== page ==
Let’s face it: most of us don’t have the budget for an in-house content studio. But gone are the days of canned portraits and, yes, woman laughing with salad – or at least they should be. The B2B blog space, however, has been particularly slow to evolve on this front, and while we are seeing some improvement, many still hesitate to put in that extra bit of effort. But consider:
Know: In analyzing more than 1 million articles, BuzzSumo found that those with an image every 75 to 100 words got twice the social shares as articles with fewer photos.
Do: Break up your blog posts – along with long-form content, e-books, case studies, whitepapers, and more – with infographics, screenshots, videos, and other visual aids. Start thinking outside the box when it comes to relating abstract business concepts through visual language. When you begin to look in new ways, you’ll find that all kinds of high-quality photography can be used as a powerful engagement and illustrative tool.
Market growth coverage, for instance, might be depicted through lush foliage and blooming landscapes instead of literal charts and arrows. Meanwhile, a metrics-based piece could align with food and lifestyle photography – a shot of spoons or bowls with spices, perhaps, or something bold, bright, and measurable in a way that’s decidedly unrelated to marketing, like this series of umbrellas on a beach.
Whereas distribution-focused content may feature images of roads, maps, or abstracted shapes and digital design, data-driven articles may go the route of puzzles, patterns, textiles, or abstract repetition. And for thought leadership posts, try some natural wonder and wanderlust on for size, as well as powerful light sources and, where appropriate, perhaps the use of well-known works of art and photography from the public domain.
Don’t: Steer clear of flat white backgrounds and stock photos that look like they came off of a ’90s grade school project. That’s where they belong. Although at times these types of images may seem like the most literal translation of the business ideas you’re discussing, trust that your audience can make the connection and start experimenting with more abstracted and elevated visuals.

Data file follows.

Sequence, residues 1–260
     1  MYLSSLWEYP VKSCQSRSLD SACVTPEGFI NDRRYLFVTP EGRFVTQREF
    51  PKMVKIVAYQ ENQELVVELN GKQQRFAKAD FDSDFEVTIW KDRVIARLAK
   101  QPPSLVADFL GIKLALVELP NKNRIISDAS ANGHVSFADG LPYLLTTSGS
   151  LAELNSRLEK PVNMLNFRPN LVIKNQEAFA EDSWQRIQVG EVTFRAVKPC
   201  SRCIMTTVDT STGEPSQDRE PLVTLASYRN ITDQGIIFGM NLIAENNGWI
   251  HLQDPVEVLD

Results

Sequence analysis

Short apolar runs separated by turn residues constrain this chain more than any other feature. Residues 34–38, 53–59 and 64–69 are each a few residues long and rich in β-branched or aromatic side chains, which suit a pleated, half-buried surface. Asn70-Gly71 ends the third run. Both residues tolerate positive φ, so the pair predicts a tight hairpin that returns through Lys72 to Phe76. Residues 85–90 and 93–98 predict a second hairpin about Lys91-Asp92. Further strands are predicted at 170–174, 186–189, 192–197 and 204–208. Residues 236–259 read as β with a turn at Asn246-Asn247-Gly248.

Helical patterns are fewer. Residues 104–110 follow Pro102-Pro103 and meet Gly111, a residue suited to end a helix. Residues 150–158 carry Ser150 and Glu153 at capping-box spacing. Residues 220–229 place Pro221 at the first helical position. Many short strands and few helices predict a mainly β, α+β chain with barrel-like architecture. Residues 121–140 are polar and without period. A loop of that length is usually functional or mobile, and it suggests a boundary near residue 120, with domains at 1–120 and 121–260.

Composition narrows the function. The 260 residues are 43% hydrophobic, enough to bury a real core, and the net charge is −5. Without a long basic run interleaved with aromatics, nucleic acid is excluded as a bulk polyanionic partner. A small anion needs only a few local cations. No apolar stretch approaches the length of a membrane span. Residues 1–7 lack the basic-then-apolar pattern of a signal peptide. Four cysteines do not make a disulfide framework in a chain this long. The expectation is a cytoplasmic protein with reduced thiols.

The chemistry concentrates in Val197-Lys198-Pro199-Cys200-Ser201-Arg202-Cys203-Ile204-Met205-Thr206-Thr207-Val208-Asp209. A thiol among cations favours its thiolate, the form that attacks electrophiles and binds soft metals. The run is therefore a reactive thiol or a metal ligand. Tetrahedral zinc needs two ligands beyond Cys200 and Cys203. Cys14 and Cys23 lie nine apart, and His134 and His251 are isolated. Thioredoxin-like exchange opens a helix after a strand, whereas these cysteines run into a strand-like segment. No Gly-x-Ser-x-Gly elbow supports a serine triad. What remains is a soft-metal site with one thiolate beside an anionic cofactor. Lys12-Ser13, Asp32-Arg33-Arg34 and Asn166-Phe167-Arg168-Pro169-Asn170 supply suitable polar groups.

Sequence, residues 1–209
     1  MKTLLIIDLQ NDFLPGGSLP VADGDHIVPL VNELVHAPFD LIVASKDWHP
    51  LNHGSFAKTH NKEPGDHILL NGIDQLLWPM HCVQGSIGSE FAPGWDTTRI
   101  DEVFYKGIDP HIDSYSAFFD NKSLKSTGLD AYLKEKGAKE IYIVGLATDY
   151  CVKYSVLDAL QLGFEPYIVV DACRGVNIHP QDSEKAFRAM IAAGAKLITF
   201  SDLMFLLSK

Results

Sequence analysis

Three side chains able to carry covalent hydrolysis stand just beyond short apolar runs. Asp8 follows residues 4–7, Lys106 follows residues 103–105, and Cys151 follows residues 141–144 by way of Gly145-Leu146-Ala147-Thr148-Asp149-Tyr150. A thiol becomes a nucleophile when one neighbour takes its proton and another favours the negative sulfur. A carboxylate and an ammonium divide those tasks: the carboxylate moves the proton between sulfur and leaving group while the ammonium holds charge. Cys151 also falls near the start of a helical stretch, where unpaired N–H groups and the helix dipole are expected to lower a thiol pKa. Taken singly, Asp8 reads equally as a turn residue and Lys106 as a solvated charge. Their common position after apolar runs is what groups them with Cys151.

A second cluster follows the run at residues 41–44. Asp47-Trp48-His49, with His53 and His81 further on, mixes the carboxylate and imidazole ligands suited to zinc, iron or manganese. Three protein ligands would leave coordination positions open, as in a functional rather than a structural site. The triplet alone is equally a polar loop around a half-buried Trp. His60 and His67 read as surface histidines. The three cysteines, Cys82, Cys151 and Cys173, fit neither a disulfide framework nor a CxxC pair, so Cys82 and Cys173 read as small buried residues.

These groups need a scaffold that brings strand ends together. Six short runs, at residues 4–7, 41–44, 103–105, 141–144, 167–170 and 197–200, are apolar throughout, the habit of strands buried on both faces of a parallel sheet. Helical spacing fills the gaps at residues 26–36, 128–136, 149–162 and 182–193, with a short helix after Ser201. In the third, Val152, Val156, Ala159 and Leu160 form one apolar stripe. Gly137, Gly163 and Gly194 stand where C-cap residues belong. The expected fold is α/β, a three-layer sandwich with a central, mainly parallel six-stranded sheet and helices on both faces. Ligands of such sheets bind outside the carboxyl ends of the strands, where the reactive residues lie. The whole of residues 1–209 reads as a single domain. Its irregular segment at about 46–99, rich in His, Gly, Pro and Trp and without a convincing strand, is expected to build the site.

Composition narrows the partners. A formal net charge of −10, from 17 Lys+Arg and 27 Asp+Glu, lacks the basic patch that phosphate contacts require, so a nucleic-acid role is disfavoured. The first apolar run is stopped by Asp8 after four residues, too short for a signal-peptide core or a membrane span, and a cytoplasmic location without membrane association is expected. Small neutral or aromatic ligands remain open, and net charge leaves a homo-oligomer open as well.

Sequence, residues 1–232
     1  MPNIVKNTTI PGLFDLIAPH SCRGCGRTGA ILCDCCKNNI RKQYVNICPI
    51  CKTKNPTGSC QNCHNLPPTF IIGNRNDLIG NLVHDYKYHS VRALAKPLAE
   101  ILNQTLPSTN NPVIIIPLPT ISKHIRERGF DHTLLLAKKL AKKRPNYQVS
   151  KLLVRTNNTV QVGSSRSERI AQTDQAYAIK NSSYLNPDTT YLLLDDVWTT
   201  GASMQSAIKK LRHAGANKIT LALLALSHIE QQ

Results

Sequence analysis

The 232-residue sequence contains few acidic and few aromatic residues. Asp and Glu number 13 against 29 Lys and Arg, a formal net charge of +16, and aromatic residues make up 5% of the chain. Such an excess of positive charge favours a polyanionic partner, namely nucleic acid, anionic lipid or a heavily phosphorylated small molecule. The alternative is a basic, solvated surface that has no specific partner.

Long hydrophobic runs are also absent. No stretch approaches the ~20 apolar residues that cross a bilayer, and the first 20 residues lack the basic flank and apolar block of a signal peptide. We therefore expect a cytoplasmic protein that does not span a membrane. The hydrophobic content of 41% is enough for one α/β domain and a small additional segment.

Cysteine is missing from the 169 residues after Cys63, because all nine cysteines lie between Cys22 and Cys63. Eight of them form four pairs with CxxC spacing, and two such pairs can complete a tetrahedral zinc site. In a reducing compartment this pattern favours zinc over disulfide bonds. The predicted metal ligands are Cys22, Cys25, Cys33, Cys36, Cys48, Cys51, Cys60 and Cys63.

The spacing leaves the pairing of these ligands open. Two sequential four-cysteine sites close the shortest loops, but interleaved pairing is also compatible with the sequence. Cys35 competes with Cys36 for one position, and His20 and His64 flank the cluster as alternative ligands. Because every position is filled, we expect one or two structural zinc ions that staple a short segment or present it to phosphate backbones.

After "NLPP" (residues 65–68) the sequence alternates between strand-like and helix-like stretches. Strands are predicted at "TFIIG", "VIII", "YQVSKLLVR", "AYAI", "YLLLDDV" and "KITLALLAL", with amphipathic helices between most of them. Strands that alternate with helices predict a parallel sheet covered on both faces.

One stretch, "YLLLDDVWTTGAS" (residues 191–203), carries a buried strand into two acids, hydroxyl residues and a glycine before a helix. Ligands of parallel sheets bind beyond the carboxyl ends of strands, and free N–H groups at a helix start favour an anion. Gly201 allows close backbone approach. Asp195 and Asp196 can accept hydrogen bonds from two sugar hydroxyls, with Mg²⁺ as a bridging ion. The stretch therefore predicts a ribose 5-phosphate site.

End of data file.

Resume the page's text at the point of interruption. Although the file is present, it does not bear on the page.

Select authentic and relevant images

Audiences want to see real people in marketing and advertising, but who those people are vary among different target audiences. Large businesses and corporations know that localized content is of the essence when it comes to pushing content across international and domestic borders. And while high-quality translation is a top priority for such projects, so is making sure that the visuals match the market.
Know: People have been found to retain 65 percent of information if it’s presented alongside relevant visuals. Only 10 percent of information is remembered when delivered as text alone.
Do: When marketing to different audiences, companies need to make an emotional connection with viewers through some regional or cultural relevance while still maintaining global appeal. And that takes constant research, study, and understanding – but there are lots of places to look. Every year, for instance, Getty Images releases a helpful compendium of visual trends and insights into consumer behavior from around the world with analyses of search terms, current events, and modern culture in the U.S., U.K., France, Germany, Japan, and beyond.
Do your homework and really get to know your audience – whoever and wherever they may be – and leverage their talents while you’re at it. There’s nothing more authentic than user-generated visuals, but whether you’re going for UGC, stock, or sourcing elsewhere, be sure to curate images that capture a real moment in time and truly reflect how people live their lives today.